New legal deposit laws include digital data

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In future, publishers will be required to deposit digital information that is published in the UK into the country's national libraries. Siân Harris investigates what this means

A new bill from the UK government promises to pave the way for digital data to be preserved in legal deposits in the six national libraries of the UK and Ireland. The Legal Deposit Libraries Act 2003, which was spearheaded by the British Library, came into force in February of this year and is set to extend the existing regulations, which preserve print publications, to other forms of media, including offline electronic information and websites.

The idea of legal deposit dates back several hundred years. The purpose is to collect a nation's published output as systematically and comprehensively as possible, so that these publications are available to current and future generations of researchers. Until the recent bill was passed, this process was governed in the UK by an act passed in 1911, which catered well for print publications but, not surprisingly, failed to anticipate the invention and uptake of new, non-print media. With the increasing volume of important material published in electronic and other non-print formats, the lack of a statutory requirement to collect this content was starting to pose a threat.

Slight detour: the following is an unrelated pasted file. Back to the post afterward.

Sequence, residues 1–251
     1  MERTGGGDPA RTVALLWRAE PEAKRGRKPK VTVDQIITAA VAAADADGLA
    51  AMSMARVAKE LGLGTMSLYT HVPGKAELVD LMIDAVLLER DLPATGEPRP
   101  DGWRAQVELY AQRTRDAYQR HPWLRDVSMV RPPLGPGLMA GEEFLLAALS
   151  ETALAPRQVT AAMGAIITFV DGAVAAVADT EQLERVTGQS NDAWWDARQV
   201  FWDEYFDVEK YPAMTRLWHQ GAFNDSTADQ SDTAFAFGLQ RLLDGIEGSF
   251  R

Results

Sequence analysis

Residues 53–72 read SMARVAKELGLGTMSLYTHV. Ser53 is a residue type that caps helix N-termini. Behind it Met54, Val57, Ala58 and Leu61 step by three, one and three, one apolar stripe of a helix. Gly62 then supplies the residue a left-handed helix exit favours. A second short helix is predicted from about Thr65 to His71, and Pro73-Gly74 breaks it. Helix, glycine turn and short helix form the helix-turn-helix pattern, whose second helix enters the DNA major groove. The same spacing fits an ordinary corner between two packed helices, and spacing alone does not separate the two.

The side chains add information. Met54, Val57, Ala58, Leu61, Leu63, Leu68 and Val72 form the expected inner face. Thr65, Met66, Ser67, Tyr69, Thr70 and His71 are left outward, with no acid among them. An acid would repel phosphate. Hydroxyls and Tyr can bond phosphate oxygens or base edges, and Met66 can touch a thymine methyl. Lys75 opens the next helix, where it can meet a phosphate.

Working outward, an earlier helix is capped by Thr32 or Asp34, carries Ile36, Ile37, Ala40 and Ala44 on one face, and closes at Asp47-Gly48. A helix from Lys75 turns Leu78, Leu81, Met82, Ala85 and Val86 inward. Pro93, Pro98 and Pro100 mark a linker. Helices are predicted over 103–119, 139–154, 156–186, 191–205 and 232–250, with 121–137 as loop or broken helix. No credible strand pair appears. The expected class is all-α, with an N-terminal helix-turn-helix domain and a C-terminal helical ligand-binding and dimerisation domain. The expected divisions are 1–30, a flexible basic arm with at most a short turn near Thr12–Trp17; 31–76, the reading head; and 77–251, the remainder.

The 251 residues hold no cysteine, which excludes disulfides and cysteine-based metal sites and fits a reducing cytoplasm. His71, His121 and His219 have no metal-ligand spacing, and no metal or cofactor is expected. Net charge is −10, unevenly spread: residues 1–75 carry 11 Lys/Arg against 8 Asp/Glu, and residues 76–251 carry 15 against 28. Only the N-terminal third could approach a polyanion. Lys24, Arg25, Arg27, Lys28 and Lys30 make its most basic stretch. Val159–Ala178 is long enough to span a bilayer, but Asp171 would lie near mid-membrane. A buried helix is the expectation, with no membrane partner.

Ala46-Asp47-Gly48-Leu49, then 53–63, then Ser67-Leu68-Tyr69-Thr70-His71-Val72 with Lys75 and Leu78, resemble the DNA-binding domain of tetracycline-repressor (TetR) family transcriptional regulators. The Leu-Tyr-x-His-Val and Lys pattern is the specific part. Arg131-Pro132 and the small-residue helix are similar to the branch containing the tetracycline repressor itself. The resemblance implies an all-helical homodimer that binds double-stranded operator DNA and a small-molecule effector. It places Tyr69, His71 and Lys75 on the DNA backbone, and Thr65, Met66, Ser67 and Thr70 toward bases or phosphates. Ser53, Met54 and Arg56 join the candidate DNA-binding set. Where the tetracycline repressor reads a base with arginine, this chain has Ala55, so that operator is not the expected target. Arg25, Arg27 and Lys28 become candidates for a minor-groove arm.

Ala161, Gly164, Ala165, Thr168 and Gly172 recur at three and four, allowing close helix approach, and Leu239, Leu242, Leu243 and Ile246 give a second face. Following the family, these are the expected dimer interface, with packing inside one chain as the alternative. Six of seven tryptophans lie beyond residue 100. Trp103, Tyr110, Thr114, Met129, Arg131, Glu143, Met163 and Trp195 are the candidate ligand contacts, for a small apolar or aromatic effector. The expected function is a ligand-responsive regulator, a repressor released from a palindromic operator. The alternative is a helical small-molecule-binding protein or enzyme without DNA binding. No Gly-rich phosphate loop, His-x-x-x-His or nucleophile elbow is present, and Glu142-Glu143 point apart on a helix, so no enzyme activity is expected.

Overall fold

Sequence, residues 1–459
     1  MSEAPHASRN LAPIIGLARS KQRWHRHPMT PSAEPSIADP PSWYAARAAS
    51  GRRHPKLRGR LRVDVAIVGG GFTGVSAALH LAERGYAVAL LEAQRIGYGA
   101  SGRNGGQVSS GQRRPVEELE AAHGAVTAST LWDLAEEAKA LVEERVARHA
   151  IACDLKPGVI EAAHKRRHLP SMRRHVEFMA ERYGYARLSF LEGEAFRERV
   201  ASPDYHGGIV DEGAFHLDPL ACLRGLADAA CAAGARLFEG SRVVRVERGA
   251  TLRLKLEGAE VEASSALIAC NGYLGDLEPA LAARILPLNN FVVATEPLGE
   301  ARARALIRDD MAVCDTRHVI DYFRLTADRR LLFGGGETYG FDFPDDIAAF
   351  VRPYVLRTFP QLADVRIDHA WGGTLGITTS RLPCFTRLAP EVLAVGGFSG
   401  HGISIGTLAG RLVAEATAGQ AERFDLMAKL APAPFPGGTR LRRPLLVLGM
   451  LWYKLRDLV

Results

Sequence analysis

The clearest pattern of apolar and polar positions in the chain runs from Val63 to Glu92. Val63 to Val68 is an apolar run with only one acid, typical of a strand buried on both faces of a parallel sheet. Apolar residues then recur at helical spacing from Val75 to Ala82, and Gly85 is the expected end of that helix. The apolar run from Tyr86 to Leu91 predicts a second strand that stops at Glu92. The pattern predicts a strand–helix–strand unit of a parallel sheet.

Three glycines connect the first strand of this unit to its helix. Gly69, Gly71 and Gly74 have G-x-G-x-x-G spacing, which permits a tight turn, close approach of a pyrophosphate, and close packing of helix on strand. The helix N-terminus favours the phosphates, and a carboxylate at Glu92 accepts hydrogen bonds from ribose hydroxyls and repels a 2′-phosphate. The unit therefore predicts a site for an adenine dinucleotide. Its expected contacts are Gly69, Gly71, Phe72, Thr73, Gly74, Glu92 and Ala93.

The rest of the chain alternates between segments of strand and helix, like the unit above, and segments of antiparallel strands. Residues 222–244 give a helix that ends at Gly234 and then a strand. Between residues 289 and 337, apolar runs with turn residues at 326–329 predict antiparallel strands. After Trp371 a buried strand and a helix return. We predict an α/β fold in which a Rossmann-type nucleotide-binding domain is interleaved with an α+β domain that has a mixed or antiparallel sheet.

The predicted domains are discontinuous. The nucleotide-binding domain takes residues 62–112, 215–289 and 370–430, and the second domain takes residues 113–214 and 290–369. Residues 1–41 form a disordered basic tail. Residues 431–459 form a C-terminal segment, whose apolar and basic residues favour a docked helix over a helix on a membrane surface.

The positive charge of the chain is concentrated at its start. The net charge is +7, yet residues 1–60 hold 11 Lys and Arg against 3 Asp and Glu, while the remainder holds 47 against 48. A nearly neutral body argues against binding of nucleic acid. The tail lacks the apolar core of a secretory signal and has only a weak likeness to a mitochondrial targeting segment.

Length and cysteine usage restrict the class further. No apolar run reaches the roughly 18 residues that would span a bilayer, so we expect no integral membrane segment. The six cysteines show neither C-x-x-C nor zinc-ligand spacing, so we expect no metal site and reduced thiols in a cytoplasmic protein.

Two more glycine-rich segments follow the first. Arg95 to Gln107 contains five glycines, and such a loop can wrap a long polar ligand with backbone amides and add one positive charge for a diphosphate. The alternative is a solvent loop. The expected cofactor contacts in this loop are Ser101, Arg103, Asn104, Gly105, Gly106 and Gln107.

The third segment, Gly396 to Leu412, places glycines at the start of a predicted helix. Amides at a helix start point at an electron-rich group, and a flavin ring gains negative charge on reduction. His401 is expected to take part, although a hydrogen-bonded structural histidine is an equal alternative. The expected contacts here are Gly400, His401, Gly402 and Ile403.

The case for new legislation may sound straightforward, but bringing it into practice was anything but simple, according to John Byford, head of legal deposit strategy for the British Library, who described the process to attendees of the Library + Information Show, held in London in April. This, he explained, was because it was not sponsored by the government, so it required negotiations with all the legal deposit libraries, the publishers, and members of parliament from all political parties. It also had to cater not just for the information available now, but to anticipate future publication methods.